William Danladi was ten years old the first time Baba punished him. Before then, he had never seen his soft spoken, though stern-faced father get angry. He, on the other hand, a little too spoiled and a little too self-important had raised his left hand and splayed his fingers in a Waka gesture at Mallam Musa the gardener for getting fresh mud on his white sneakers on School Sneaker Day.
Baba never raised his voice. Not when Salome poured hot shayi on his lap because her eyes were glued to Toyin Tomato’s dramatics on Super Story instead of the stool in front of Baba. Not when one of the drivers came home with a nonsensical excuse to explain the bent fender on Baba’s white Range Rover. Not even when Maman was angry and her loud tones seemed to rattle the chandelier in the upstairs sitting room. So of course, Baba didn’t shout at him as they waited for the driver to bring the car. Instead, he said just loud enough for Mallam Musa to hear,
Wawa yaro! Albarkacin kaza kadangare ya sha rowan kasko.
Stupid boy, he understood. The proverb about the lizard drinking water from a chicken’s bowl went over his head, but what he was not expecting were the next words out of Baba’s mouth: Musa, William will join you to cut grass today.
William did not dare contradict Baba, not when he had that look on his face. And anyway, Baba did not change his mind. Not when the car came and Baba told the driver to take William’s school bag into the house. Not when Musa handed William a pair of shears and pointed rather vaguely in the general direction of some shrubs. Not when Maman came out of the house with a confused expression that quickly turned to horror when she saw William’s new sneakers sporting a color closer to brown. Baba just stood there, watching it all. As if he was not the Managing Director of a multinational conglomerate who had just told William to “move fast” because he had a busy morning. William never made it to school that day, but he learned two major life lessons. One, everyone was deserving of respect and two, never ever make Baba angry. Because Istifanus Danladi had a black belt in punishment.
So, as William stood under a mango tree watching Maman and the driver from the car hire service maneuver their way through the multipurpose field because this ridiculous school could not afford a parking lot, he wondered for the umpteenth time what he could have done to deserve this as a punishment.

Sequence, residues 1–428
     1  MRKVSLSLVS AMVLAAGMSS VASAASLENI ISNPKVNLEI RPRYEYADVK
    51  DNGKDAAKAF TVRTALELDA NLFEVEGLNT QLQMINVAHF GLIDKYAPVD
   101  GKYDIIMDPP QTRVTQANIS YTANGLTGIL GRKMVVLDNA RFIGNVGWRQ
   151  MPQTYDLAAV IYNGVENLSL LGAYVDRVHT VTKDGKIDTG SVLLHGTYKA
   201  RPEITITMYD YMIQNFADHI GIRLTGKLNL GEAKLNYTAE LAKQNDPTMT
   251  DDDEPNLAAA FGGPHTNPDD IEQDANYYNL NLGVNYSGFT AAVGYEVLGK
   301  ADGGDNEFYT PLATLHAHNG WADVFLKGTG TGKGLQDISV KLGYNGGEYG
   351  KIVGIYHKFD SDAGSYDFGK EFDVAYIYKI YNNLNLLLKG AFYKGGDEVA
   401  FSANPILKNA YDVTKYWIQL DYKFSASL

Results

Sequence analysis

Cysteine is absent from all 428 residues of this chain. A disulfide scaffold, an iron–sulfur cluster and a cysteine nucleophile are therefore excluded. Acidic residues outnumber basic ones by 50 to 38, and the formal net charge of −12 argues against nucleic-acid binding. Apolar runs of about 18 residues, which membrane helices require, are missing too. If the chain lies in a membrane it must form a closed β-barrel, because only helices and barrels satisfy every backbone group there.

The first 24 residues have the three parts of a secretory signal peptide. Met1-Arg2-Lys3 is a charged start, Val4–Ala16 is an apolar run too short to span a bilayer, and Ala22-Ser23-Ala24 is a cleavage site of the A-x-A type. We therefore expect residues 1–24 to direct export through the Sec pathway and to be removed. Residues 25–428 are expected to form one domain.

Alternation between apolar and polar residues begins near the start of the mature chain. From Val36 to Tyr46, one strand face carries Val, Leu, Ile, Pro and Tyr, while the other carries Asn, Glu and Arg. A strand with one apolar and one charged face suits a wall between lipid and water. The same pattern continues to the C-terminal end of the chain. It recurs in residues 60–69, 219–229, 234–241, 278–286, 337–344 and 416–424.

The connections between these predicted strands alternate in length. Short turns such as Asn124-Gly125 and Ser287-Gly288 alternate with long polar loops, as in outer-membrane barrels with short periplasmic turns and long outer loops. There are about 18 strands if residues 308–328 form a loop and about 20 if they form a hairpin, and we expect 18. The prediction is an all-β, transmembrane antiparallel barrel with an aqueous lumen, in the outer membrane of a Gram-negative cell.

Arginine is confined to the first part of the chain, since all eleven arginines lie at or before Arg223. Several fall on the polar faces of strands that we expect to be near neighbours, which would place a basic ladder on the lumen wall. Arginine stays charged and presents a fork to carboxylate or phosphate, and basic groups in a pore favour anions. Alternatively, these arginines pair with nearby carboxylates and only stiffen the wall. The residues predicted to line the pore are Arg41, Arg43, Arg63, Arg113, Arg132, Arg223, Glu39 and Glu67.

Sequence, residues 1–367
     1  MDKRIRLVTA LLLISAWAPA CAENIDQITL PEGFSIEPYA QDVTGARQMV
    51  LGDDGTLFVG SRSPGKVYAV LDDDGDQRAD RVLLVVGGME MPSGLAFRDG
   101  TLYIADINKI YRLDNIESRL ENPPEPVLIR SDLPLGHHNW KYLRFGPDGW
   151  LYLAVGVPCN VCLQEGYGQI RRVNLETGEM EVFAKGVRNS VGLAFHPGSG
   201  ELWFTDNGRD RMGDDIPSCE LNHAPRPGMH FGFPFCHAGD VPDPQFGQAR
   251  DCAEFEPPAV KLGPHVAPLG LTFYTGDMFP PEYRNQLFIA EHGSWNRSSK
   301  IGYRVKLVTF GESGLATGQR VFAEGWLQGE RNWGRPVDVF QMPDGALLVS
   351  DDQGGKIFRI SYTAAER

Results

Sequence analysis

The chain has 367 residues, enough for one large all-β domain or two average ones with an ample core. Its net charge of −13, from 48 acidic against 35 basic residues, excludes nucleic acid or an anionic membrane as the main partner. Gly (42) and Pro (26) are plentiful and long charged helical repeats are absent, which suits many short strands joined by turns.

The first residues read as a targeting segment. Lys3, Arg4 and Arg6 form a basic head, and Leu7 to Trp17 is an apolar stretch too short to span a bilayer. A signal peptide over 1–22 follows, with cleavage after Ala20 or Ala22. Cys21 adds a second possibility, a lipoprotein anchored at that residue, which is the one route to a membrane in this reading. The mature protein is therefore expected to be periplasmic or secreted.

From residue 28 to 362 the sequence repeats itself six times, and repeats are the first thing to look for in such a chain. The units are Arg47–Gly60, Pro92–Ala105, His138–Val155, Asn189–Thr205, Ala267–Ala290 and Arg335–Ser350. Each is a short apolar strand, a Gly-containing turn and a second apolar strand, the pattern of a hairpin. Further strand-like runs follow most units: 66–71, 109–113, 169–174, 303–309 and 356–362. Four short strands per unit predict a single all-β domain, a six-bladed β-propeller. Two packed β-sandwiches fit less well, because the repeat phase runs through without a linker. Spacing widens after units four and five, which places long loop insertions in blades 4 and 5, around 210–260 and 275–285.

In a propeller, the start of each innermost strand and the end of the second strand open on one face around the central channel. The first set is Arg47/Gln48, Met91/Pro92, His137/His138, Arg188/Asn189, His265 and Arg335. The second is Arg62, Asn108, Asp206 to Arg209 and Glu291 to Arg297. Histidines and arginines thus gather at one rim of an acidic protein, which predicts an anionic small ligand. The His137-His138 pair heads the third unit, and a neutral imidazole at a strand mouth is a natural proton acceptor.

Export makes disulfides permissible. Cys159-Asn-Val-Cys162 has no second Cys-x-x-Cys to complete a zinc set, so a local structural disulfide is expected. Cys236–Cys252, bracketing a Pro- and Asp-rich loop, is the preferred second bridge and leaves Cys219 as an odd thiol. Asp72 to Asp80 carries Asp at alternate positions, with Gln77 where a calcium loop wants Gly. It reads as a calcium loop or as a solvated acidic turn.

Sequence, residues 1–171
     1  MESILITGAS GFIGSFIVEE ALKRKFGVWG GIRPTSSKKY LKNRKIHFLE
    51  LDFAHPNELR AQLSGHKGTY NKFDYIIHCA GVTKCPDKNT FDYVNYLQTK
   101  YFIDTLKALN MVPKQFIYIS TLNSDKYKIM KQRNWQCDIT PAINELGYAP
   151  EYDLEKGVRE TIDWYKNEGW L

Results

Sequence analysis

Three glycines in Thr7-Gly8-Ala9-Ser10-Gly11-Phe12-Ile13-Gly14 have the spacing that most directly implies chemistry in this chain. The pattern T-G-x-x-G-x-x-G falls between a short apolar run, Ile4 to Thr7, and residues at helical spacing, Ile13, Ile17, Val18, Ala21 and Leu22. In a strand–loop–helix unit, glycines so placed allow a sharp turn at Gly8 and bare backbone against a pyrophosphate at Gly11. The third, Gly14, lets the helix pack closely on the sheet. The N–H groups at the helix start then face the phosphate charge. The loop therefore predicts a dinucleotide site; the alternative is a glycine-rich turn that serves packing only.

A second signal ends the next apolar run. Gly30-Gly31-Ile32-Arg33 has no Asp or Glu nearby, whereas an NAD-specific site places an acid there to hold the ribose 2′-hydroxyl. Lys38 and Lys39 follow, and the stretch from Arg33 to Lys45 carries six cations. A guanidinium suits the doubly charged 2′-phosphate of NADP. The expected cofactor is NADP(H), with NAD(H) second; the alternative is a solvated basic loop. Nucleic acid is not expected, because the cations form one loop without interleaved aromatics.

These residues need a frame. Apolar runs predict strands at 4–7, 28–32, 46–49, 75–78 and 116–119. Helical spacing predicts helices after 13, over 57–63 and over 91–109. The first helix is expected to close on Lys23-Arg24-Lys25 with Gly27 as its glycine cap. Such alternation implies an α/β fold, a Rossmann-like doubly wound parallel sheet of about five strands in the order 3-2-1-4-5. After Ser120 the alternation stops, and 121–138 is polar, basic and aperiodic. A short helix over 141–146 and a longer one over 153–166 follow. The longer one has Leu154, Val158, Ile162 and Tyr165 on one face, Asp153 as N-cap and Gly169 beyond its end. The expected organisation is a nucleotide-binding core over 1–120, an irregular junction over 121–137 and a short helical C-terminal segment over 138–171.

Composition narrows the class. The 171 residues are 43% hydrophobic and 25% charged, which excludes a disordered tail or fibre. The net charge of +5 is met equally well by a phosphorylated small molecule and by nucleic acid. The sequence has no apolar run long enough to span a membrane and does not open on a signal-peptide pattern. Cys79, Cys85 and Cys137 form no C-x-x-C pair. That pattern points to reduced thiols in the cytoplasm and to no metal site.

Trust your Baba, William-kambi na. He won’t lead you astray.
Maman’s parting words. Yet William was convinced that if he looked up the word astray in any self-respecting encyclopedia, he'd find the corroded iron gates of Christ Mercy International High School Ibadan as pictorial representation. International and Ibadan in the same sentence? What a fine joke. A city whose most notable feature was the brown corrugated iron and thatch roofs that unashamedly decorated its skyline like chickenpox on a sick child. International, indeed. Maybe he was being a bit harsh, but who could blame him? After all, he was not here by choice. Who came to Ibadan by choice?
Ibadan is one of the oldest cities in Africa, mai gida. Mallam Musa, the former destroyer of white sneakers and now one of William's closest friends, must have said at least two hundred times since he learned William was leaving for the Southwest.
Maybe that was true, but it didn’t follow that he wanted to live there for the next two years. And that was what he told Mallam Musa the night before his flight to Ibadan when it was clear that no amount of sulkiness would change Baba’s mind. Baba was not known for changing his mind but William had hoped, all August, for a miracle. With that annoying calmness that all the adult men in his life seemed to possess in spades, Mallam Musa slapped his back and replied,
You might not like it, mai gida, but change suits you. Change is growth. Trust, you might even enjoy yourself.
William sighed as he watched yet another Honda Odyssey (was that the only car they had in the Southwest?) make its way onto the field. Returning students, easily identified in their blue and black Resumption Day uniform, peeled out of the van in excitement. He didn't understand it. What was so exciting? Yes, the school was bigger and the surroundings prettier than he expected, but it paled in comparison to the stately beauty and elegance of Peak District Secondary School. Everything he knew was there, and just like School Sneaker Day, Baba unceremoniously yanked it away in between bites of tuwo shinkafa at the dinner table only six weeks ago.
William, they mentioned a school to me in Ibadan that would be good for you to finish your schooling. Christ Mercy. It’s a nice school.
His first thought was since when did Baba listen to anyone but Maman, so he shot an accusing look at Maman who sat across the table that was always set for four even though it was just the three of them now. Maman seemed just as surprised as he was.
Sti, jira, Ibadan ko? Why are we sending him away?
Baba turned to Maman and they proceeded to have a silent conversation that seemed to satisfy Maman. But he was not satisfied. Not when Baba uncharacteristically tried to placate him with a Christmas trip to the French Alps. Not when Maman so transparently invited some youth corpers from Ibadan that were assigned to Baba's company for dinner under the guise of employee bonding. Not when Maman tried to guilt trip him by crying every time he expressed displeasure about the situation. Not even when he heard that Aishatu, the daughter of the Minister of Finance and his painfully-secret longtime crush, was also inexplicably transferring to a school in Lagos that was only 25 minutes away. And definitely not now, surrounded by new people in a new city that was everything he was not. Western, expressive and oh-so-loud.
Wayyo, William Danladi hated change. And Christ Mercy International High School was the worst kind of change. Unexpected and decidedly unwanted.